“What I can tell you for certain is that heat waves will increase in the future, particularly in their frequency. That’s pretty much standard everywhere,” Perkins-Kirkpatrick told the Nikkei Asian Review. “Heat waves will also increase in their intensity, but by far the biggest signal is the change in frequency,” she said.
Increased heat wave frequency is a global phenomenon, Perkins-Kirkpatrick said, adding that the tropics will be hit harder than temperate zones. That is of increasing concern to health professionals in tropical and near-tropical Australia, where excessive heat is known as the “silent killer” because human deaths often occur a day or two after temperature spikes and are frequently recorded as being due to heart or renal failure.
“I know health researchers are really concerned, they’re really advocating for more to be done, more research to be done, more implementation to be done,” Perkins-Kirkpatrick said.
A review of Australia’s environment, published on March 7, found that the effects of climate change are increasing and that in certain cases the changes may be irreversible.
The State of the Environment report, produced every five years for the Australian government by a team of independent experts, found that both air and sea temperatures were rising, with often disastrous results on animal life. The global warming effects included coral bleaching, which has damaged the World Heritage-listed Great Barrier Reef.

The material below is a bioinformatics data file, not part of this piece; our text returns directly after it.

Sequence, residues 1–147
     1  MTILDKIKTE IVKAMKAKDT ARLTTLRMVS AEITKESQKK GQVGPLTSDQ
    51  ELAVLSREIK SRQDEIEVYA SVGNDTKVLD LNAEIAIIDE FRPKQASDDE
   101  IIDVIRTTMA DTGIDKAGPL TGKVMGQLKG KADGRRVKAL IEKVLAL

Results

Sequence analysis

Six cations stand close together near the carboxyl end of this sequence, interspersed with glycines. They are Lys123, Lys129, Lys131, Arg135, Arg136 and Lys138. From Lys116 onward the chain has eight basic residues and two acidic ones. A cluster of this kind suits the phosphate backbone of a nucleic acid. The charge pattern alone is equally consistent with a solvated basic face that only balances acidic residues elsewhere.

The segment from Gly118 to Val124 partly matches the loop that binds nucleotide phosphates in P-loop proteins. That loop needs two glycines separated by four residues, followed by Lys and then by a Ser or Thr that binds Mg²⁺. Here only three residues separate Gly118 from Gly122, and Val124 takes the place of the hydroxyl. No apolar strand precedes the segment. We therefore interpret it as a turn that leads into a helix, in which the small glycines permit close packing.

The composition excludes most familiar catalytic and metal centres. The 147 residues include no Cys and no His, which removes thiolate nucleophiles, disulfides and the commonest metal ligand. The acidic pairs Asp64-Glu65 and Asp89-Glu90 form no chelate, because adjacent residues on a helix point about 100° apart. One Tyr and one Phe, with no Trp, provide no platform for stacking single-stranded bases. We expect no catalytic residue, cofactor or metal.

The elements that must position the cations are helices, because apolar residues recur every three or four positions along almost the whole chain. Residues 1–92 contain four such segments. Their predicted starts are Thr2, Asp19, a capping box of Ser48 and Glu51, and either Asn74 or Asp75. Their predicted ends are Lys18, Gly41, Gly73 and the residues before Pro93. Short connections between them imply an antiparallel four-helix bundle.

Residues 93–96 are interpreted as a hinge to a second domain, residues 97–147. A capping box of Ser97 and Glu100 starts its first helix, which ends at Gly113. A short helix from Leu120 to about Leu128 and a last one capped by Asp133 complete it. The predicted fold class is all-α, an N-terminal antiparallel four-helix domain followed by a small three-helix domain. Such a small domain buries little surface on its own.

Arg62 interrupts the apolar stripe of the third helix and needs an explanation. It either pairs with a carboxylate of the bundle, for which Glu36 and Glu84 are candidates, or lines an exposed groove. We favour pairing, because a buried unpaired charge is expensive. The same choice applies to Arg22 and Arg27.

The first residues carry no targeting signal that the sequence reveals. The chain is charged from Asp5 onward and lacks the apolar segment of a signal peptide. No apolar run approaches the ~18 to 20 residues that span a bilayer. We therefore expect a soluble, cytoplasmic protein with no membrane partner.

The report also pointed to likely species extinctions due to climate change — including the Bramble Cay melomys (Melomys rubicola), a rodent, and the Christmas Island forest skink (Emoia nativitatis), a lizard.
Grey-headed flying foxes (Pteropus poliocephalus), a large, fruit-eating bat with a maximum recorded wingspan of 1.5 meters, were the most visibly affected by the brutal temperatures of the recent heat waves, falling like rotten fruit out of trees in many parts of Australia.
These flying foxes died from the brutal heat. (Photo by AJ Caruana, courtesy of WIRES)
Kristie Harris, rescue office manager at the New South Wales Wildlife Information, Rescue and Education Service, said she had received a deluge of phone calls from people wanting to aid the stricken bats. She estimated that thousands of the flying foxes had died from the heat.
“On the really hot days in December and January, there were a couple of events where they have literally been falling out of the trees in their colonies, found by the hundreds or even a thousand at a time, dead or in severe distress,” she said.